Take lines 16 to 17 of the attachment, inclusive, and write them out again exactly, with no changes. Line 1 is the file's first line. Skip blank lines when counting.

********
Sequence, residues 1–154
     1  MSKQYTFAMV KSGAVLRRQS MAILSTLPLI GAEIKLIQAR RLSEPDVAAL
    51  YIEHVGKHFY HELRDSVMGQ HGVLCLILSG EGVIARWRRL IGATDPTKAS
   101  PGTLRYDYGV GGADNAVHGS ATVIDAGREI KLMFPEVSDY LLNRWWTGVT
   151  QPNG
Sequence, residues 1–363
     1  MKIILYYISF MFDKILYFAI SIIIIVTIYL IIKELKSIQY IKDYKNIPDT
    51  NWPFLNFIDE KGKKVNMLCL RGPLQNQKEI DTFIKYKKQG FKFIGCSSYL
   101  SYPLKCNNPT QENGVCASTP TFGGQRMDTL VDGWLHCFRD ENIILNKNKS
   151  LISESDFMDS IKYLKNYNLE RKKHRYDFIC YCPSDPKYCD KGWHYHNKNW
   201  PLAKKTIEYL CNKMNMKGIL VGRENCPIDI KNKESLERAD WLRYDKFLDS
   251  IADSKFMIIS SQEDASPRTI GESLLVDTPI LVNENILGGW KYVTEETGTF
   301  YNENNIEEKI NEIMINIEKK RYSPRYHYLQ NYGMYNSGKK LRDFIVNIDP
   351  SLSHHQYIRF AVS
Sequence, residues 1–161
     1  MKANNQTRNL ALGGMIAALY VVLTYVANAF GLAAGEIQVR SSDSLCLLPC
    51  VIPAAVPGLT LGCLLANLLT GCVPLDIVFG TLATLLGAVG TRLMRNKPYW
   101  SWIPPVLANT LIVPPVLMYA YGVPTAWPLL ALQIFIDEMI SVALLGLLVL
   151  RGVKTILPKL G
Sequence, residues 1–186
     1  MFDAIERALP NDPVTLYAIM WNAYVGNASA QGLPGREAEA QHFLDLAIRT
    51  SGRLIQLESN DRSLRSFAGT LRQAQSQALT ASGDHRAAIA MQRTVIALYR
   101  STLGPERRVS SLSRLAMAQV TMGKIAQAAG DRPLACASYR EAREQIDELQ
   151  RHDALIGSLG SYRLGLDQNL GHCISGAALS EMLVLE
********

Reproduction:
     1  MKANNQTRNL ALGGMIAALY VVLTYVANAF GLAAGEIQVR SSDSLCLLPC
    51  VIPAAVPGLT LGCLLANLLT GCVPLDIVFG TLATLLGAVG TRLMRNKPYW